"This is just the first of many" says Huang, shepherding his group into the National Maritime Museum. "By 2020, 100 million Chinese will be travelling abroad of which five million could be coming to the UK".

Visit Britain, which promotes England abroad, is rubbing its hands in glee - not least because of the free-spending ways of the Chinese once they arrive. Forget Westminster Abbey and Edinburgh Castle; "what they really want is a day at Bicester Village shopping centre in Oxfordshire, a tour round Old Trafford to learn more about Manchester United, and plenty of Chinese meals," says Huang, "steak and kidney pie and fry-ups are definitely off the menu".

But wait, a fry-up is a British classic! You can't come all the way here and not try a Full English. Ah well, perhaps that's just another b.b.c. thing :)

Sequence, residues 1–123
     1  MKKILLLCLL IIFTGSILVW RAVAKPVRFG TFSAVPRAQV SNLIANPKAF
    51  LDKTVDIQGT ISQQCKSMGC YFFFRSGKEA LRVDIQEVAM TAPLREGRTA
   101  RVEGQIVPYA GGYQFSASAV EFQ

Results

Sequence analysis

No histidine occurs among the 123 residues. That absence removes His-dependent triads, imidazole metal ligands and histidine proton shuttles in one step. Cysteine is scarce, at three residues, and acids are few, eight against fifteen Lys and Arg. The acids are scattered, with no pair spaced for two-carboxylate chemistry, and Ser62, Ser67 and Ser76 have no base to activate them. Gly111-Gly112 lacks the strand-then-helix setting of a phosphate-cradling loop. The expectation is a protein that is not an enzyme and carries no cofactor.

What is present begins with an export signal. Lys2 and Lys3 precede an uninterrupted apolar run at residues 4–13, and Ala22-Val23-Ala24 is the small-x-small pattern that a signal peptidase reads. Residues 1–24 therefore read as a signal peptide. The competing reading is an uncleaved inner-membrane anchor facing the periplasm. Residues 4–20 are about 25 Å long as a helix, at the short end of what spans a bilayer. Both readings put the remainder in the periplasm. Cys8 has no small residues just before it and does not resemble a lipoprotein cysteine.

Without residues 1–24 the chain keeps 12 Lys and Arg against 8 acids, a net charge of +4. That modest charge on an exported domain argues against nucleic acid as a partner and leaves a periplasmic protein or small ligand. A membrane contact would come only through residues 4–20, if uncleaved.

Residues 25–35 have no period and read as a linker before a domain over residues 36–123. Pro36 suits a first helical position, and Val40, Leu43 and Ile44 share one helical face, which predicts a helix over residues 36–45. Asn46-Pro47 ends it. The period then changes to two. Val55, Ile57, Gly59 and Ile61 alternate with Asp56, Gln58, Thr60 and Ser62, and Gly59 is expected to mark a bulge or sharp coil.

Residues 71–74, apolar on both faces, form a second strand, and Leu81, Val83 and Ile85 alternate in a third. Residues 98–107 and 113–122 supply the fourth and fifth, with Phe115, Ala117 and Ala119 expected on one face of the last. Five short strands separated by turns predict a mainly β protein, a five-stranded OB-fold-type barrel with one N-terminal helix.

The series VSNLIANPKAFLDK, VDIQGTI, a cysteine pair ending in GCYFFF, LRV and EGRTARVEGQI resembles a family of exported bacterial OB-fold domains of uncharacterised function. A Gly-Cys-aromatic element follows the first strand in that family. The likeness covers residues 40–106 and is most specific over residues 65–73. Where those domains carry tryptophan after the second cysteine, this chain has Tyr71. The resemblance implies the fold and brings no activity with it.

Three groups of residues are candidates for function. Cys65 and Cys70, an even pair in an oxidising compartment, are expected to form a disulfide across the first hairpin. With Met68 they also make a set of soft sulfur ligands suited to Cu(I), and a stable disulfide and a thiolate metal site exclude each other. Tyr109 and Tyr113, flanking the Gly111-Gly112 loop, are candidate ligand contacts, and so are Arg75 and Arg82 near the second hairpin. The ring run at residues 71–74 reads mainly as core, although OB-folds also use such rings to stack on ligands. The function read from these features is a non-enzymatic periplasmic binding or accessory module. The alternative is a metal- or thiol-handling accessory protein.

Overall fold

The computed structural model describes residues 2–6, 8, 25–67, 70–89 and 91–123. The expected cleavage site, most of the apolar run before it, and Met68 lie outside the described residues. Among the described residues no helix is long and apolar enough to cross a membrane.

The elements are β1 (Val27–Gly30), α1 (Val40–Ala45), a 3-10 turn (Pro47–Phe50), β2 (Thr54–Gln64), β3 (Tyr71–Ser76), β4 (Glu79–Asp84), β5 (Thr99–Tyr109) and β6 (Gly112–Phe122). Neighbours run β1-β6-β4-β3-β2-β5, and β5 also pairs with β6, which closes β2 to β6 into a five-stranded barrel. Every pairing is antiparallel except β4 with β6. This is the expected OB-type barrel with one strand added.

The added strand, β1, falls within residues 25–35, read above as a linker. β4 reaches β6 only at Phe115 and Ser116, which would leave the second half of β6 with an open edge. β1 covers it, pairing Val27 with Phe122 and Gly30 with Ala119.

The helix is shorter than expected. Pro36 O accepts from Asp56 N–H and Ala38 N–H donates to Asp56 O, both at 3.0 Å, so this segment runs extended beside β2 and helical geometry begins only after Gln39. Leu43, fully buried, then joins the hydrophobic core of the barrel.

Tuesday, November 14, 2006

Let's all have a nice cup of... cold, boiled water.

Drinking cold, boiled water or 'doong gwun sueh' in Cantonese seems to be a uniquely Chinese practice that you may or may not have picked up from your parents.

Maybe like me you have childhood memories of a large, metallic, family vacuum flask with its mysterious, mirrored interior that always contained surprisingly hot water.

There are a number of benefits to drinking cold, boiled water. First is the lack of impurities and bugs (something that is more important in Asia than here in the U.K.). Second, it is a neutral alternative to stimulant-laden tea or coffee and third, it is believed to be a 'cooling' ('lerng') drink that can counteract the effects of 'hot air' that Chinese people say some foods contain (look out for a future post on the whole concept of hot and cooling foods or 'yeet hey').